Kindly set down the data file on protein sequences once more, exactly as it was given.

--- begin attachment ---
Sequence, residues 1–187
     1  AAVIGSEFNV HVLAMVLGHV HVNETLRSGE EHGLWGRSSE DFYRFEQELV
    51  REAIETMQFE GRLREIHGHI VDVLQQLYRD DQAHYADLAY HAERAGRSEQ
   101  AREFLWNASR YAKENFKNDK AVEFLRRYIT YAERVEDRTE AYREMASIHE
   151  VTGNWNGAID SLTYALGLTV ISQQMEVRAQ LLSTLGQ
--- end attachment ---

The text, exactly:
Sequence, residues 1–187
     1  AAVIGSEFNV HVLAMVLGHV HVNETLRSGE EHGLWGRSSE DFYRFEQELV
    51  REAIETMQFE GRLREIHGHI VDVLQQLYRD DQAHYADLAY HAERAGRSEQ
   101  AREFLWNASR YAKENFKNDK AVEFLRRYIT YAERVEDRTE AYREMASIHE
   151  VTGNWNGAID SLTYALGLTV ISQQMEVRAQ LLSTLGQ